November 25th, 2005

bear by san

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Many post-Thanksgiving good newses this morning.

First off, via the lovely green_key, Hustle comes to the US. On AMC, debuting January 14th. Best thing on recent television, if you ask me. Admittedly, I don't watch all that much television, but it compares favorably to the few episodes of Las Vegas I've seen, and in my humble opinion it was more consistently good than even the new series of Doctor Who, which I loved. (Other recent favorites of mine include Keen Eddie and Farscape, which gives you an idea of my taste.)

It revolves around a group of slick, somewhat Robin-hood like con men and women as they, variously, take on London's wealthy and corrupt. Very stylish, well-acted, and a lot of fun... and my utter downfall where series television is concerned, oh, the banter, and the witty, pretty boys and girls.

I hope AMC gets the second series, as I haven't seen it yet.

Second, I just got an email from Eric Flint of the new Baen Universe e-magazine accepting my short story "The Cold Blacksmith." I've seen a bit of discussion on the blogosphere as to what exactly Universe is looking for, and I at least can pass along that this particular story is a little over 3500 words, and it's a fairy tale fantasy about the Weyland Smith (long after Olrun left him), a witch who keeps milch goats, and a betrayed girl who sets old Weyland one of those impossible tasks beloved of myth and ballad.

No swordfights. A certain amount of goat milking, hauling cauldrons about in goat carts, however.

It's set before The Stratford Man, but features a character who appears therein and also in Blood and Iron, where Weyland makes a couple of plot-significant appearances, as well.

And I owe katallen mad thanks for correcting the braid Yorkshire dialect throughout, because I could not have done that myself.
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P.S.

kit_kindred DID ALL THE DISHES after I went to bed last night, and it looks like he cleaned the dining room, too. He is a Hero of the Revolution.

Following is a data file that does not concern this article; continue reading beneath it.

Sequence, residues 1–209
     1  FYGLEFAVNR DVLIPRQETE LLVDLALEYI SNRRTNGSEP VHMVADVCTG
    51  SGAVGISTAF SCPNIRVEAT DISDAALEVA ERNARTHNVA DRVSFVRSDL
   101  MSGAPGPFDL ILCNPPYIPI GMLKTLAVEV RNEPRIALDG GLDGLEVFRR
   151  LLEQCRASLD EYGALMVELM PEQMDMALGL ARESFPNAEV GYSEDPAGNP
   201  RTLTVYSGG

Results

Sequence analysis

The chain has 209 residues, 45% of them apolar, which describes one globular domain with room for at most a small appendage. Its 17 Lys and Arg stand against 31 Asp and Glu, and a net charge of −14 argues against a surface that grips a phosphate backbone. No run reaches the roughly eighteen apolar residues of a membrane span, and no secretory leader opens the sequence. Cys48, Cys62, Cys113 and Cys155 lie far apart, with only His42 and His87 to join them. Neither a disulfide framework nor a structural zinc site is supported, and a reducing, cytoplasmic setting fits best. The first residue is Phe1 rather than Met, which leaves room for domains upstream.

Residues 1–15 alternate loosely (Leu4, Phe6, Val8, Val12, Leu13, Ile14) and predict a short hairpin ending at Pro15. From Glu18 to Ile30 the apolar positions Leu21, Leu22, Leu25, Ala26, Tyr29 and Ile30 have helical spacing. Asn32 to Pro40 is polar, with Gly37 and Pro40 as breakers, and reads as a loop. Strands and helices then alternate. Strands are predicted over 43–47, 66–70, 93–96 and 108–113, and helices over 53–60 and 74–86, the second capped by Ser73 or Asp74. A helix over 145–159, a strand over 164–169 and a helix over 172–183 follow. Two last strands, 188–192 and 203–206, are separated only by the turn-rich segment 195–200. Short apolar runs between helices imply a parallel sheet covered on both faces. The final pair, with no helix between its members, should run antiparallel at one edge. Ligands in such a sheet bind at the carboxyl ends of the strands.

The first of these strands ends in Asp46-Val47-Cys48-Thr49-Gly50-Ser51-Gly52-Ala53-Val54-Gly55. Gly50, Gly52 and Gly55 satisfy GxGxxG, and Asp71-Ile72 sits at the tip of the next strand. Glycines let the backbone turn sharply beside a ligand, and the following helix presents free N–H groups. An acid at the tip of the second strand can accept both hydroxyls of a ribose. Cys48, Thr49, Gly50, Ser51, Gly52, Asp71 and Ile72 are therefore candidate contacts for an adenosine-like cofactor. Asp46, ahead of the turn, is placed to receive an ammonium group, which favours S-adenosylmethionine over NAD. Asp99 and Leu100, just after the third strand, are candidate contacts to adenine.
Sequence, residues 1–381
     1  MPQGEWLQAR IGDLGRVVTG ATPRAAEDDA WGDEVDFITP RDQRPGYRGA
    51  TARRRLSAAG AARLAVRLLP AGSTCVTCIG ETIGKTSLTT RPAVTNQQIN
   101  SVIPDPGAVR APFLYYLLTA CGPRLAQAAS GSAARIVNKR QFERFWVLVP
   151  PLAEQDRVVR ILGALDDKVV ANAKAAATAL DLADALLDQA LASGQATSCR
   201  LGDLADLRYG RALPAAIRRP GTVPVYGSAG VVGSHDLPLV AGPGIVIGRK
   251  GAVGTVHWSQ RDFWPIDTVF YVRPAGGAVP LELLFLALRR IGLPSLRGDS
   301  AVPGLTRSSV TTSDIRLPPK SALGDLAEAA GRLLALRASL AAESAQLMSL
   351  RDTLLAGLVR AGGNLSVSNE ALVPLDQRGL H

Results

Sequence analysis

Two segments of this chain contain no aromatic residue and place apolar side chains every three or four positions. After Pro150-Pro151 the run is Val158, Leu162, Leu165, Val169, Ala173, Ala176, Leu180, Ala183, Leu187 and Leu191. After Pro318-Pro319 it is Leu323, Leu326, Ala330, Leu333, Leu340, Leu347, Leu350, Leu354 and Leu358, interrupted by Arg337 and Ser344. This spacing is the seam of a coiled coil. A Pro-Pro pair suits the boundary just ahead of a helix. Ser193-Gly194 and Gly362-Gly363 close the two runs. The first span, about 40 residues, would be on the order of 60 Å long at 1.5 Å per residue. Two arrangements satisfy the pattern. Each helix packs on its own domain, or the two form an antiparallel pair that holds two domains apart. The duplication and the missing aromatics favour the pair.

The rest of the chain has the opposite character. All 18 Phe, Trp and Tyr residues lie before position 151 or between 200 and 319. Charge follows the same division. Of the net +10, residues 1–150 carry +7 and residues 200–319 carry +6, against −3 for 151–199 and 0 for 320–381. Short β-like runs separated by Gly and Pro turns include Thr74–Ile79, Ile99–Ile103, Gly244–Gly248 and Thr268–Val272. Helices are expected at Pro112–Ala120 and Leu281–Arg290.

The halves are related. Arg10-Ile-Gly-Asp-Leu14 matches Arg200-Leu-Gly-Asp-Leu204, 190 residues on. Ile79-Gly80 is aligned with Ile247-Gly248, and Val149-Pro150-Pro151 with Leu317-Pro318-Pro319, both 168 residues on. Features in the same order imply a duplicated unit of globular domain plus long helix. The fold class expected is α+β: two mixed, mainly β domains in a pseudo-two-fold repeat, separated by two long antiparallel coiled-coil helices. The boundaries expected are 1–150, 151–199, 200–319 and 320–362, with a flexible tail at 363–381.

Also, Napoleon-kitty walked past me to get to the cat food this morning, not more than three feet away (albeit on the other side of a screen door and slinking along ready to bolt if I did anything dumb, but she knew I was there).

Wiktory!

Also, this version of "Famous Blue Raincoat" has cello.

Apparently, I should buy a lottery ticket today.
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I wonder if Undertow wants to be a caper novel. I love caper stories, and I've never written one. That might be a lot of fun.

I wonder if I can write a convincing caper novel about a conjure man, a hit man, a frog boygirl, and a pistol-packing mama trying to Get Their Own Back From The Man.

Hrmph.
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Okay, I love this book.

Park Honan gets it; the authoritarian and hierarchal nature of Elizabethan morality, the real wonder of subversion and questioning in that age.

"Disobedience is 'the worst of all vices,' 'the greatest of all mischiefs,' and that 'a rebel is worse than the worst prince, and rebellion worse than the worst government of the worst prince'."

--Park Honan, quoting A Homily Against Disobedience and Wilful Rebellion, 1570.

He gets it. And he can express it, moreover. I loff him forevermore for just that sentence.

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They'll tell you that the darkness is a blessing in disguise

and they'll do their best to keep you from the light

Honan, in talking about an unattributed play, which may be Marlowe juvenilia, quotes this passage.

Fire water sword confounde yee, let the crowes
Feed on your peckt out entrailes, and your bones
Wante a sepulchre; worthy, o worthy yee
That thus have falsifi'd your faith to me
To dwell in Phlegeton. Rushe on me heav'n
Soe that on them it rushe; mount Caucasus
fall on my shoulders, soe on them it fall.
Paine I respecte not....


--Timon, Anonymous, circa 1580



(I've punctuated a little for clarity.)

It's got that arrogance and...personal disregard that marks his stuff. If Will effaces himself from his work, Kit *commits*. Like a cliff diver, sometimes. That--fall on me, heaven, so long as you fall on my enemies as well!--is very Marlovian, and the phrasing of "Pain I respect not" rings to me like the guy who said he'd liefer lose his life than his liberty of speech.

Also, blank verse. In 1580. Which Honan doesn't mention, but it strikes me as significant.

(Honan, winning my love even more, goes on to provide a host of reasons why he's skeptical about the attribution. I'm going to send this man a Christmas card. I really am. Good gravy. He's... scholarly.)

truepenny, when I sent her the above, commented on how that particular brand of hubristic rage is what Marlowe's rhetoric springs from, which was a comment that I really, really liked, and to which I responded:

He's a guy, essentially, who is too fucking mad to shut up even when it would be much smarter to do so. A lot like Ginsberg in that, really.